History and Tour

Harold Macmillan

Harold Macmillan Born: 10 February 1894 in London

First entered Parliament: 29 October 1924

Age he became PM: 62 years, 335 days

Maiden Speech: 30 April 1925 on the budget

Total time as PM: Six years, 281 days

Died: 29 December 1986 at Chelwood Gate, Sussex


Harold Macmillan meets President Kennedy at the White House

Prime Minister Harold Macmillan meets President John Kennedy for the first time at the White House, in this Universal newsreel from 1961. You can watch more history videos here .

Facts and figures

Nicknames: “Supermac”; “Mac the Knife”

Education: Eton and Balliol College, Oxford

Family: Macmillan was the youngest of three sons. He was married to Lady Dorothy Cavendish and had one son and three daughters

Interests: Literature, fishing, golf and cricket


Humble background

Harold Macmillan was half-American by parentage, the son of a publisher who had raised the family from a humble background. Chelsea-born, he was educated at Eton and later at Balliol College, Oxford, where he excelled.

He was wounded three times whilst serving in the First World War. For a time he worked for his family’s publishing firm before being elected in 1924 as the Conservative MP for Stockton-on-Tees - a depressed industrial town. The run-down state of the area and the hardship of its people had a profound effect on him. During his early parliamentary career he was a member of a left-wing group within the party which pressed for social reform.

In 1936-37 he resigned the whip for a short time to write The Middle Way, which defined his centrist Conservative beliefs. In 1940 Macmillan was appointed a junior minister, and in 1942 became the Resident Minister at Allied Forces HQ in the Mediterranean, where he became a friend of General Eisenhower.

He lost his seat in 1945 but returned very soon after in the Bromley by-election. He represented the Opposition until 1951, with responsibility for economic and industrial matters.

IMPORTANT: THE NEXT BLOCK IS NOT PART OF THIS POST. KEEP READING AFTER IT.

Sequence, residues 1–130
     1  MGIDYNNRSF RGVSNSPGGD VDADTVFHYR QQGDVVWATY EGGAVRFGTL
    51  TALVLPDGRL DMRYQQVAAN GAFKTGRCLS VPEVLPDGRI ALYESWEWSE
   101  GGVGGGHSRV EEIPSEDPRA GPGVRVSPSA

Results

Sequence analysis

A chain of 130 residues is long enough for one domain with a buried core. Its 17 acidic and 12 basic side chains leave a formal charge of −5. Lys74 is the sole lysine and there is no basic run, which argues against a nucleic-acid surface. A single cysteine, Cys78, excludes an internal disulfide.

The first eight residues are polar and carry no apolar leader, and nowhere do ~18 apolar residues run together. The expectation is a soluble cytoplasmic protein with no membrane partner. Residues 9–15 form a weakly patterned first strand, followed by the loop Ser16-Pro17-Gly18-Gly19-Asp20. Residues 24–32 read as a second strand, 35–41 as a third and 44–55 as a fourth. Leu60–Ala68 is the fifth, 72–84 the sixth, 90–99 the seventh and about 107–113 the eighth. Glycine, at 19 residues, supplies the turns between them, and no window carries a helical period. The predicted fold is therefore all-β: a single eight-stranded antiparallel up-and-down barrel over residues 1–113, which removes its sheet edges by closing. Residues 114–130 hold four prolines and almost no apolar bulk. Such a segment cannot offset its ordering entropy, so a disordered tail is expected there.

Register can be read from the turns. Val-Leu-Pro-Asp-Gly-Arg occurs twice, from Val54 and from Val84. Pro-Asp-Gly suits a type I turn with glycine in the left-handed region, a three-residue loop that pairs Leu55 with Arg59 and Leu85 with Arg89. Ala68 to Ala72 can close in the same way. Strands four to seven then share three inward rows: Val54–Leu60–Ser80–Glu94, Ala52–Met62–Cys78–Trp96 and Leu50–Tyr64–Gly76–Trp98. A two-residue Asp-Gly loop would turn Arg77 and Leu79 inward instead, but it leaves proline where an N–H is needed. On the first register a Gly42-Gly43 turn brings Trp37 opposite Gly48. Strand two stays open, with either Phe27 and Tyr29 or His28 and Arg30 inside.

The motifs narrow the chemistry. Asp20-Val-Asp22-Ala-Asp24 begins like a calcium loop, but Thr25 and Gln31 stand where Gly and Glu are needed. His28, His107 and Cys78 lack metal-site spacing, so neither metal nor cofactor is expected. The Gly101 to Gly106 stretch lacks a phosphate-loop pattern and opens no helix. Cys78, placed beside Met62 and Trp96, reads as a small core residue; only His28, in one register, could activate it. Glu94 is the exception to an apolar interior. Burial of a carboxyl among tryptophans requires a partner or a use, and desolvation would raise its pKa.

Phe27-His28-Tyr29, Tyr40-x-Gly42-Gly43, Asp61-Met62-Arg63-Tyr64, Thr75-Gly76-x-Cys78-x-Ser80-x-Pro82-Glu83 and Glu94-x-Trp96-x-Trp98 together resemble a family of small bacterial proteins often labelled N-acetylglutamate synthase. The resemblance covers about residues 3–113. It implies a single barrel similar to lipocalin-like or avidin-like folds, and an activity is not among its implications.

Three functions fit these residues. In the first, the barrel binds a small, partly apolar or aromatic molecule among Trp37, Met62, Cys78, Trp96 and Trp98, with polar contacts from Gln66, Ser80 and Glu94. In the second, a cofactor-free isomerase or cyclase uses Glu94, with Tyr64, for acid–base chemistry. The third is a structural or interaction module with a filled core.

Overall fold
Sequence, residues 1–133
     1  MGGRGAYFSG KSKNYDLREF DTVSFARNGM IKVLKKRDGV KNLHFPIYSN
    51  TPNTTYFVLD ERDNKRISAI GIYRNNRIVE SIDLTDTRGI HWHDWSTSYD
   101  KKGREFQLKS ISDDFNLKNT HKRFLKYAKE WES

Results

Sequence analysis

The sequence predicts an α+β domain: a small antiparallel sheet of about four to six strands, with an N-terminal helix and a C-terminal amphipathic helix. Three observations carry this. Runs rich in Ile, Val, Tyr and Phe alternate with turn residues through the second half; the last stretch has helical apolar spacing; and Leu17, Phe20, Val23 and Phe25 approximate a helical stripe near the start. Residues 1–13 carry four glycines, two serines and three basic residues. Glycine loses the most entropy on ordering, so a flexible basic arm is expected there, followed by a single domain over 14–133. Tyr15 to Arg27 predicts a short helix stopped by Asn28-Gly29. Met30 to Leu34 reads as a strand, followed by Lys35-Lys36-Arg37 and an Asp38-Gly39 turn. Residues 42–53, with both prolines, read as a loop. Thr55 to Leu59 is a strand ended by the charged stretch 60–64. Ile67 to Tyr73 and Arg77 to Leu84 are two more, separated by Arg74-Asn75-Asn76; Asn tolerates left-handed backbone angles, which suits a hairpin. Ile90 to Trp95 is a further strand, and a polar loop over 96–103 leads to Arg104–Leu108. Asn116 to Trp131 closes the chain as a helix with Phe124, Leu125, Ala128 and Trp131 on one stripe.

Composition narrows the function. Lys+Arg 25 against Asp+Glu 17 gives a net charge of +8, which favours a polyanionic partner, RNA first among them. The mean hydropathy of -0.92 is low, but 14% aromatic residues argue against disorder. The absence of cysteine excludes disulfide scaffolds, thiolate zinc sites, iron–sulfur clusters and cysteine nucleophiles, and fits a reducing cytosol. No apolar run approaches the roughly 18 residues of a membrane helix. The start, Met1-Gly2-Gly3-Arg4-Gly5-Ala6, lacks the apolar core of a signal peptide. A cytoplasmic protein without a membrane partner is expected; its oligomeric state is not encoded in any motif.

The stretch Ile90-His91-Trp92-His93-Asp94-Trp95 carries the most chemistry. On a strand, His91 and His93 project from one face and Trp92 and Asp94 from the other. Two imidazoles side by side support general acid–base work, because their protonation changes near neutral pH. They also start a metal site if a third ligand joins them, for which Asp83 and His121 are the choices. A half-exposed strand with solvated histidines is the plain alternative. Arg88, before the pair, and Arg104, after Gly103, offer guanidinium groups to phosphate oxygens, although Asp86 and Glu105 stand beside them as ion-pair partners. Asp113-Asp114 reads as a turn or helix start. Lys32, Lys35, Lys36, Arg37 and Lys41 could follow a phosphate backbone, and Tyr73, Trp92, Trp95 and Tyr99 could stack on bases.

With the Conservatives victory in 1951 Macmillan joined the Cabinet as Minister for Housing. He proved himself an effective minister, overseeing the building of almost one million new homes. In 1954 he became Minister for Defence, and in 1955 Anthony Eden appointed him as Foreign Secretary.

Becoming Chancellor

However, Eden wished to control foreign affairs personally, and nine months later Macmillan was moved against his will to become Chancellor of the Exchequer. Macmillan initially supported the action taken by Eden over the Suez crisis, but later changed his stance.

Following Eden’s resignation, and despite widespread predictions that the job of PM would go to Rab Butler, the Queen invited Macmillan to form a government. Macmillan himself initially expected his tenure to be short-lived. Instead, he had considerable success in restoring both party and national morale and confidence.

Charles de Gaulle rejected Britain's application to join the EEC He presided over a time of prosperity and the easing of Cold War relations on the international stage.

It was at this time that he gained the nickname ‘Supermac’, and in 1959 won a comfortable victory in the general election.

However, the second term was not so problem-free. Britain’s application for membership of the EEC split the Conservative party, and was eventually rejected by General de Gaulle.

Inflation and slow growth affected the economy. Macmillan’s handling of the Profumo Affair scandal was judged to be poor.

‘Night of the long knives’

In 1962 the government’s general unpopularity led Macmillan to abruptly dismiss six Cabinet members, an event which became known as the ‘night of the long knives’. Macmillan fell ill in 1963 and, believing his condition to be more serious than it was, resigned.

In 1964 he retired from the House of Commons and declined a peerage. Instead he worked on his memoirs, at the publishing house, and as chancellor of Oxford University.

He eventually returned to Parliament in 1984 as an hereditary peer. He died in 1986 aged 92 - the greatest age attained by a PM until Lord Callaghan’s death in 2005. His last words were ‘I think I will go to sleep now’.

Quote unquote

“The wind of change is blowing through this continent and whether we like it or not, this growth of national consciousness is a political fact” (In a speech to the South African Parliament)

Did you know?

In one of his more memorable contributions after he retired he likened Margaret Thatcher’s policy of privatisation to “selling the family silver”.


Lady Dorothy Cavendish - copyright: National Portrait Gallery Mother of four, Lady Cavendish was a shrewd judge of character and according to her niece ‘free of any kind of snobbery’. A headstrong woman and passionate woman in her youth, she had an earthy charm, a forceful presence and an intuitive understanding of politics.

She did plenty of charity work - for which she was honoured - and was supportive of her husband’s ambitions. It was said that she ‘liked children enormously and got on with them frightfully well’.

Number 10 itself was no obstacle for her - as the daughter of a Duke she was used to looking after large houses - and she treated it simply as a ‘town residence’. When she died her husband was inconsolable. “She filled my life,” he said,” I thought in everything I did of her.”

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